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Underwater photos from the Namekagon River

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A water boatman flees the camera.  In this picture: True Bug Family Corixidae (Water Boatmen). From the Namekagon River in Wisconsin.
A water boatman flees the camera.

In this picture: True Bug Family Corixidae (Water Boatmen).
Date TakenMar 24, 2004
Date AddedJan 25, 2006
AuthorTroutnut
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Two Ephemerella mayfly nymphs share a piece of wood with two Taeniopterygidae stonefly nymphs.  In this picture: Mayfly Genus Ephemerella (Hendricksons, Sulphurs, PMDs) and Stonefly Family Taeniopterygidae (Willowflies). From the Namekagon River in Wisconsin.
Two Ephemerella mayfly nymphs share a piece of wood with two Taeniopterygidae stonefly nymphs.

In this picture: Mayfly Genus Ephemerella (Hendricksons, Sulphurs, PMDs) and Stonefly Family Taeniopterygidae (Willowflies).
Date TakenMar 24, 2004
Date AddedJan 25, 2006
AuthorTroutnut
I spotted this very large leech freely tumbling, and occasionally stopping, along the bottom of a clear, cool trout stream.  I paid careful attention later and spotted two more like it, but this one was the largest -- probably over 7 inches stretched out.

There is one other picture of it.  In this picture: Animal Class Clitellata-Hirudinae (Leeches). From the Namekagon River in Wisconsin.
I spotted this very large leech freely tumbling, and occasionally stopping, along the bottom of a clear, cool trout stream. I paid careful attention later and spotted two more like it, but this one was the largest -- probably over 7 inches stretched out.

There is one other picture of it.

In this picture: Animal Class Clitellata-Hirudinae (Leeches).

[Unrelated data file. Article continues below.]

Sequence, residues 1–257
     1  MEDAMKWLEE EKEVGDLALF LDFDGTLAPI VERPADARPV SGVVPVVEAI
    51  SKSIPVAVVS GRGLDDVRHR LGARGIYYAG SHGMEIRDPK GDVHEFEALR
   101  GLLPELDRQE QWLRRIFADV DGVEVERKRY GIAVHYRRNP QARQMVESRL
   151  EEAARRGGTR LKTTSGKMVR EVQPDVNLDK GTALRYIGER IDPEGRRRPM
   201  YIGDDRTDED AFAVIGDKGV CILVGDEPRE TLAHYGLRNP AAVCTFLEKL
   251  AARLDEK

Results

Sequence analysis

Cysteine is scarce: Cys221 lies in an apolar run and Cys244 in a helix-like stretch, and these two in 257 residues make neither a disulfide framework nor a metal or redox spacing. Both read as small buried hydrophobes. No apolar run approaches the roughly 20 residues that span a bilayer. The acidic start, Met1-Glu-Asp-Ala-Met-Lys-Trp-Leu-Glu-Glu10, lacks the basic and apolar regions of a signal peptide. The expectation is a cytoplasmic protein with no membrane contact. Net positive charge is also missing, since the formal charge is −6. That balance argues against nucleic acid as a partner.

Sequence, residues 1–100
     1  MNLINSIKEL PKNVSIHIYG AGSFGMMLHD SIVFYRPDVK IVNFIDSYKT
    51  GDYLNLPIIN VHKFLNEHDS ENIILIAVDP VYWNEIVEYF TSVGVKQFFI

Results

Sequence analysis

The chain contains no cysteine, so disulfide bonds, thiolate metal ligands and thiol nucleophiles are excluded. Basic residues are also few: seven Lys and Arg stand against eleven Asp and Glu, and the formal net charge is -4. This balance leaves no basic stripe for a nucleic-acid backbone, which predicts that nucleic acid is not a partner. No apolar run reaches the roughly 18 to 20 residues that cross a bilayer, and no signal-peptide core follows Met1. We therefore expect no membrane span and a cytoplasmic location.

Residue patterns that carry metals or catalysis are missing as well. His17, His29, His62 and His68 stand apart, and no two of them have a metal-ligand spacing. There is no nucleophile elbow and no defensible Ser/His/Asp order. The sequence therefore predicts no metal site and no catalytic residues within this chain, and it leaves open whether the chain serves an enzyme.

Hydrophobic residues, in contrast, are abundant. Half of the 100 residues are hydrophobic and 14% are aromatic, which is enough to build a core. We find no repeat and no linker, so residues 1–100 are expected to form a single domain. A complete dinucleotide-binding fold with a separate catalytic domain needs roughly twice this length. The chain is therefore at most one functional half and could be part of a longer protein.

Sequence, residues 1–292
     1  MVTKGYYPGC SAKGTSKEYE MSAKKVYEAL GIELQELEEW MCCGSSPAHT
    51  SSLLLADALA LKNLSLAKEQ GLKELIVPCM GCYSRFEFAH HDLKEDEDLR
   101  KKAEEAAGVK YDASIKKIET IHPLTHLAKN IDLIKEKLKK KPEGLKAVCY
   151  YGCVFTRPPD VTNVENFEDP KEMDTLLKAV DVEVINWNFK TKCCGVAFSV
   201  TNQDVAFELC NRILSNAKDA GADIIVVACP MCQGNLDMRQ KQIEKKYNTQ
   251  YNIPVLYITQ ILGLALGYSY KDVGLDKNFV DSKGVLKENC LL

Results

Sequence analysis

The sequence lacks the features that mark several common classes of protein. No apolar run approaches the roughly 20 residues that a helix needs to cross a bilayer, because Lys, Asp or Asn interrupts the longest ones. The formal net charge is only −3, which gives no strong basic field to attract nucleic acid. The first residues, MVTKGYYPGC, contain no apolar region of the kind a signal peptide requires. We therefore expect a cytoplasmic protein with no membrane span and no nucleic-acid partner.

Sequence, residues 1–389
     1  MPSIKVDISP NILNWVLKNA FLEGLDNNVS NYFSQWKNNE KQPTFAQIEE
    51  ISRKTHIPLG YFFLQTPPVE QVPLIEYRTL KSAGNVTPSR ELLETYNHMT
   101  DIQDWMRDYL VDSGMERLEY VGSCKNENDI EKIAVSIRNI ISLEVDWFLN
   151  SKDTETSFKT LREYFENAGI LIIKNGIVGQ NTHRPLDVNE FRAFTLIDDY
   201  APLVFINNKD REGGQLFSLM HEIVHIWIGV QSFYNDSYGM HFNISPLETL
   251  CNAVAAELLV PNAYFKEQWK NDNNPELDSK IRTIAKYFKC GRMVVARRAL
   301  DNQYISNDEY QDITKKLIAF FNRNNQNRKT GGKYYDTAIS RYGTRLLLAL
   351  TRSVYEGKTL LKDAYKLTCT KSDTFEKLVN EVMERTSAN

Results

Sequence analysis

Date TakenJun 21, 2006
Date AddedJul 1, 2006
AuthorTroutnut
CameraPENTAX Optio WPi
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I'm not quite sure what this is.  It may be an Isonychia nymph hiding under a piece of grass.  In this picture: Arthropod Class Insecta (Insects). From the Namekagon River in Wisconsin.
I'm not quite sure what this is. It may be an Isonychia nymph hiding under a piece of grass.

In this picture: Arthropod Class Insecta (Insects).
Date TakenApr 24, 2004
Date AddedJan 25, 2006
AuthorTroutnut
Here's the surface of the river viewed from below during a Tricorythodes spinner fall.  Several dead spinners are visible.  In this picture: Mayfly Genus Tricorythodes (Tricos). From the Namekagon River in Wisconsin.
Here's the surface of the river viewed from below during a Tricorythodes spinner fall. Several dead spinners are visible.

In this picture: Mayfly Genus Tricorythodes (Tricos).
Date TakenJul 18, 2004
Date AddedJan 25, 2006
AuthorTroutnut
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In this picture: Mayfly Species Ephemera simulans (Brown Drake). From the Namekagon River in Wisconsin.
Date TakenApr 16, 2004
Date AddedJan 25, 2006
AuthorTroutnut
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There are a couple Epeorus mayfly nymphs clinging to this rock.  One interesting thing I've noticed is that even though the stream has a lot of clingers, they rarely show up in my photos, and I've started paying more attention to the river bottom while I'm fishing I've noticed that clinger nymphs generally see or feel me coming and scurry to the undersides of their rocks before I can get in picture range. I think I have the same problem with stoneflies.  In this picture: Mayfly Genus Epeorus (Little Maryatts). From the Namekagon River in Wisconsin.
There are a couple Epeorus mayfly nymphs clinging to this rock. One interesting thing I've noticed is that even though the stream has a lot of clingers, they rarely show up in my photos, and I've started paying more attention to the river bottom while I'm fishing I've noticed that clinger nymphs generally see or feel me coming and scurry to the undersides of their rocks before I can get in picture range. I think I have the same problem with stoneflies.

In this picture: Mayfly Genus Epeorus (Little Maryatts).
Date TakenApr 18, 2004
Date AddedJan 25, 2006
AuthorTroutnut
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In this picture: Mayfly Genus Ephemerella (Hendricksons, Sulphurs, PMDs). From the Namekagon River in Wisconsin.
Date TakenApr 24, 2004
Date AddedJan 25, 2006
AuthorTroutnut
A school of large common shiners feeds in a frenzy on Tricorythodes mayfly spinners which were all over the surface on this July morning. From the Namekagon River in Wisconsin.
A school of large common shiners feeds in a frenzy on Tricorythodes mayfly spinners which were all over the surface on this July morning.
Date AddedJan 25, 2006
AuthorTroutnut
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